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Does Google wish the iPad didn't exist?

A simple Google search for "disk space on iPad" doesn't offer you quite what you'd think. The Google search engine feigns incomprehension.

How has Apple's launch of the iPad made other companies feel? Has it brought sneaking admiration or steaming ire?

I fear that Google might not be leaping for joy like leprechauns.

You see, one of the strange world figures I have arbitrarily come to follow on Twitter, 15-year-old Irish blogger, Tommy Collison, decided he would use Google unparalleled search engine to see how much disk space there was on the iPad.

Being a manboy of strong left brain, he entered "disk space on iPad". What he received was apparently innocent incomprehension. "Did you mean 'disk space on iPod?'," asked the Omnipotent Seeker.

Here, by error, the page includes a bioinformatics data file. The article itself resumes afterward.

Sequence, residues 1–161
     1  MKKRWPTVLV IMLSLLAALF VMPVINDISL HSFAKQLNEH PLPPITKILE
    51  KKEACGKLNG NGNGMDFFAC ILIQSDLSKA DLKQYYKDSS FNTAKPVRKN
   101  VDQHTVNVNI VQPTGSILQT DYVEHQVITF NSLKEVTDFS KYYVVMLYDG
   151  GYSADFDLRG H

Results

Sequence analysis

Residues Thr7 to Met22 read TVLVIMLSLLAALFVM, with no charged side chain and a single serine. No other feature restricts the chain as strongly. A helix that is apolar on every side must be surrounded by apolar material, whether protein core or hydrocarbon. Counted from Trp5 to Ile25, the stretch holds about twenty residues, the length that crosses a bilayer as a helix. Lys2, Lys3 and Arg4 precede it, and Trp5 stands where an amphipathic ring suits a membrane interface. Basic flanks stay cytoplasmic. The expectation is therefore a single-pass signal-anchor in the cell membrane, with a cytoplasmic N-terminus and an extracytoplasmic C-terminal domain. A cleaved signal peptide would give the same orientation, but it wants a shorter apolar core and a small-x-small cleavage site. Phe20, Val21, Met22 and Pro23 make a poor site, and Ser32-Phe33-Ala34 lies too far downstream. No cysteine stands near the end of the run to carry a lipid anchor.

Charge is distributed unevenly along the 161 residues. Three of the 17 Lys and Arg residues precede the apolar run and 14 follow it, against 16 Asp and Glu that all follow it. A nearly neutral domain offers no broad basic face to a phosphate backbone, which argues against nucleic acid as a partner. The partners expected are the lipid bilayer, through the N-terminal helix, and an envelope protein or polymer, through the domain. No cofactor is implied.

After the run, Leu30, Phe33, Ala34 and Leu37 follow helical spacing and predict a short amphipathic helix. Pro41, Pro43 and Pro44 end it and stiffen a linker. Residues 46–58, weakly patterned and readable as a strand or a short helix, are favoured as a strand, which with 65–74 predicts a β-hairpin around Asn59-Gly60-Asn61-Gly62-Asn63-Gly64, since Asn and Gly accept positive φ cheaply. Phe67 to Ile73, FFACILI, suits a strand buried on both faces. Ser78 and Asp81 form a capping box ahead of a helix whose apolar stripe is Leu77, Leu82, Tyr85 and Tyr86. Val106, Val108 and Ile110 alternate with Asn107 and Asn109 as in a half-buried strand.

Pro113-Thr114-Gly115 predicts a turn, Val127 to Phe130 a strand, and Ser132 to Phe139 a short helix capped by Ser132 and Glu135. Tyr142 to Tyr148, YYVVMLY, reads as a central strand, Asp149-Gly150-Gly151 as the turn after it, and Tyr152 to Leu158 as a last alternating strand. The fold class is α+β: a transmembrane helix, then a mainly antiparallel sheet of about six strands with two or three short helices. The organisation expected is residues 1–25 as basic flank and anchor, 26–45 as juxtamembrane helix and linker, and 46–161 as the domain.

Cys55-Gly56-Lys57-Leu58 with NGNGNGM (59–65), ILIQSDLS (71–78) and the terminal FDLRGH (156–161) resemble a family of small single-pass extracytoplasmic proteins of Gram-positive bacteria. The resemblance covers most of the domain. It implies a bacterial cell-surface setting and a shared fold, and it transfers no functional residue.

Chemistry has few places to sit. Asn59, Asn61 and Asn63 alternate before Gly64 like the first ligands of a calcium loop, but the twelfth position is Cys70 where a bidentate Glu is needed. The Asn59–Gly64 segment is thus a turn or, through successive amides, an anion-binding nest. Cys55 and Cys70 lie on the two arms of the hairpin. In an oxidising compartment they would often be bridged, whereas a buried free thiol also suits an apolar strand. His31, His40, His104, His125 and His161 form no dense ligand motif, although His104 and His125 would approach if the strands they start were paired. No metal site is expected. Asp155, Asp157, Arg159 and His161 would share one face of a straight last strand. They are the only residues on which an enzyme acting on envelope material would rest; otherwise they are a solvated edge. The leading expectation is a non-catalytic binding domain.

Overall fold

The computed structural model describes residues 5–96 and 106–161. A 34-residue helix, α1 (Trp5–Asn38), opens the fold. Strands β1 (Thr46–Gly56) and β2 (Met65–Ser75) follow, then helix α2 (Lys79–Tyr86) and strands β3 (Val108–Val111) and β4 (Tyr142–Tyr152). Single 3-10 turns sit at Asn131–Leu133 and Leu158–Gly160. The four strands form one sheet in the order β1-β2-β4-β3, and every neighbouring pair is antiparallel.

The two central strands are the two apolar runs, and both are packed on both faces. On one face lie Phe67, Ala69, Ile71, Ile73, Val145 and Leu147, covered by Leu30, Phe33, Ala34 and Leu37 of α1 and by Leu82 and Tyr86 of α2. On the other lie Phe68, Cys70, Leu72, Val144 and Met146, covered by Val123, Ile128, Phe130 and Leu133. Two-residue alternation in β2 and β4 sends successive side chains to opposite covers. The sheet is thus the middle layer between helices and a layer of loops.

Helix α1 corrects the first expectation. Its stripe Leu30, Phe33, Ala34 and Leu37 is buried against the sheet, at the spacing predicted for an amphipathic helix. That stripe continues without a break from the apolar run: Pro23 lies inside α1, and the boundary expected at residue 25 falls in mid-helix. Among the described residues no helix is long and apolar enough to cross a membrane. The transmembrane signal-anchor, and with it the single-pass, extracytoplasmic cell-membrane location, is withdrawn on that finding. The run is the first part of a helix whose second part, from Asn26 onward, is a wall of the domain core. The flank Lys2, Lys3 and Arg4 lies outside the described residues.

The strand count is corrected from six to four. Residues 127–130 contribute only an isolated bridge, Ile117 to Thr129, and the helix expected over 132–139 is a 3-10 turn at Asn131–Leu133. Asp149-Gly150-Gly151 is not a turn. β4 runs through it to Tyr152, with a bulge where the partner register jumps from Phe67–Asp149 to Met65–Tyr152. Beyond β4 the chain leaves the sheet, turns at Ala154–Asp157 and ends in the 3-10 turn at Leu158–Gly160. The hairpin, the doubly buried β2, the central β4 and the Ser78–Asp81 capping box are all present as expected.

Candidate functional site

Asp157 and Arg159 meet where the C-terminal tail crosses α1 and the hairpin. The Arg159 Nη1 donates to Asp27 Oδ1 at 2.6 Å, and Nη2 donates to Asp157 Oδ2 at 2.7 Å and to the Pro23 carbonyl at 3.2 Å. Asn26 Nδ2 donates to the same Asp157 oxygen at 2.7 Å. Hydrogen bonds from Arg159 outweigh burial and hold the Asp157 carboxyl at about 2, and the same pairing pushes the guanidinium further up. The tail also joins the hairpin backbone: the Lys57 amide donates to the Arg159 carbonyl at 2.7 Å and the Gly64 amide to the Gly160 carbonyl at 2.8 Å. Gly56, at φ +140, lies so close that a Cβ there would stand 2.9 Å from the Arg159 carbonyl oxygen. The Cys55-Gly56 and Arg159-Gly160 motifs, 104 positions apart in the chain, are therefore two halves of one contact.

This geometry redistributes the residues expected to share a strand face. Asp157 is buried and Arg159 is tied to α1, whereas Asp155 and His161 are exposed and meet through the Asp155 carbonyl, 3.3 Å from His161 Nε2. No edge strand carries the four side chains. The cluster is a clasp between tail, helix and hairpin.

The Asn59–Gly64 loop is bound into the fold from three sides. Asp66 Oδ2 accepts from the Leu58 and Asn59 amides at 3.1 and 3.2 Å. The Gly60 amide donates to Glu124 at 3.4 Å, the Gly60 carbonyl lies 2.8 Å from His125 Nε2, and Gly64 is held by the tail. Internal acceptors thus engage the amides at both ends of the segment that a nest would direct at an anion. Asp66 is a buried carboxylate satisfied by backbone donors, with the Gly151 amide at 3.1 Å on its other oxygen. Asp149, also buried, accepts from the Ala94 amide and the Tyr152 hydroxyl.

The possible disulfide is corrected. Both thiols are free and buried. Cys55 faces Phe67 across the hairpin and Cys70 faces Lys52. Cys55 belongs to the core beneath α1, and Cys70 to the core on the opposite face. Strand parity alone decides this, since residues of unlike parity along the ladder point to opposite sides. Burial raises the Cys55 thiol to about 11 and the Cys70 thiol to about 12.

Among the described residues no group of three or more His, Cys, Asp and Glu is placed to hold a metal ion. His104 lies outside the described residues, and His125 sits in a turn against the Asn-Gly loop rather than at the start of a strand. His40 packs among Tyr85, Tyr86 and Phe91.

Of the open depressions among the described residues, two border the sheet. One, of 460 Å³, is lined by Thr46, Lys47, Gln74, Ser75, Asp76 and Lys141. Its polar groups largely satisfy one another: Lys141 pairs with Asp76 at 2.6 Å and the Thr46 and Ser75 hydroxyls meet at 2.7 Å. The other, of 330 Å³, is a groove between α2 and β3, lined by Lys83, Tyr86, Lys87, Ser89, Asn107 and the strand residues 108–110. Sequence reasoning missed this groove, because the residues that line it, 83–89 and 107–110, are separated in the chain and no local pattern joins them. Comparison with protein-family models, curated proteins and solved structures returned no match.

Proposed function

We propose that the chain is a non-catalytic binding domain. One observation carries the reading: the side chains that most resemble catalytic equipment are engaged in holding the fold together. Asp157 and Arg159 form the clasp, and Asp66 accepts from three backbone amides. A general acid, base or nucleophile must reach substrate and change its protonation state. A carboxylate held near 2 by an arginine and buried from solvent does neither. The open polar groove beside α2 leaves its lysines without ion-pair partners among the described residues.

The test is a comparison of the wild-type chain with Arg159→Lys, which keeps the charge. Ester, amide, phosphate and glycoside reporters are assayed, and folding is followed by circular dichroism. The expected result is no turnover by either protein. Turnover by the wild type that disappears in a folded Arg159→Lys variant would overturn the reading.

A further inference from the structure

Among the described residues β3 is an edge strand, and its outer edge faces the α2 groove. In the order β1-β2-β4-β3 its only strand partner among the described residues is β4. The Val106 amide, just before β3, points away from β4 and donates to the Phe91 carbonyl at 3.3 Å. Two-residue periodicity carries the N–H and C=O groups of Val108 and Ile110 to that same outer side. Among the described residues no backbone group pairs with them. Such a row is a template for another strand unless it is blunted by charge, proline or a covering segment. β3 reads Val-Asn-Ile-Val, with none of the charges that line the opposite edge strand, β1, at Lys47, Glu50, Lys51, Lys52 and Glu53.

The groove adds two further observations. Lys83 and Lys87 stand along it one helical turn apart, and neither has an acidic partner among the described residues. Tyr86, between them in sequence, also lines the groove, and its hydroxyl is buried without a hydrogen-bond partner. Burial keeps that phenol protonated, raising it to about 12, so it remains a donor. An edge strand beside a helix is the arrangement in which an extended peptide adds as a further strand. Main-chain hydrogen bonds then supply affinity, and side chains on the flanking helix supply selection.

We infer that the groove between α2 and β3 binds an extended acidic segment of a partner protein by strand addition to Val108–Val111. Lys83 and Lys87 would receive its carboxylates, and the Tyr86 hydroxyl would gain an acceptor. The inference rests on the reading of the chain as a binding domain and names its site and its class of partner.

Now I wondered whether Collison had merely lucked upon the Google search engine when it was in deep and abiding shock at the thought of a new product coming from Apple. Perhaps its algorithms were temporarily rendered insensate by the product's evident charm. Perhaps it had heard that Steve Jobs had not been complimentary about the company's "don't be evil" mantra.

So I left it a few days. Monday, I tried the "disk space on iPad" Google search for myself. As you can seen from the screen grab, Google is still convinced I am thinking of the iPod.

It might well be that Collison was the only person to ever wonder about disk space on the iPad. It might well be that everyone else in the world is merely wondering how much it will cost and how lovely it will feel.

But what if Google wants you to think the iPad really doesn't exist? What if the algorithm is programmed by strangely sensitive (or even censortive) people who believe that there will soon be a Droidy version of the iPad?

What if they want you to think that the iPad, if such a thing exists, will have no disk space at all?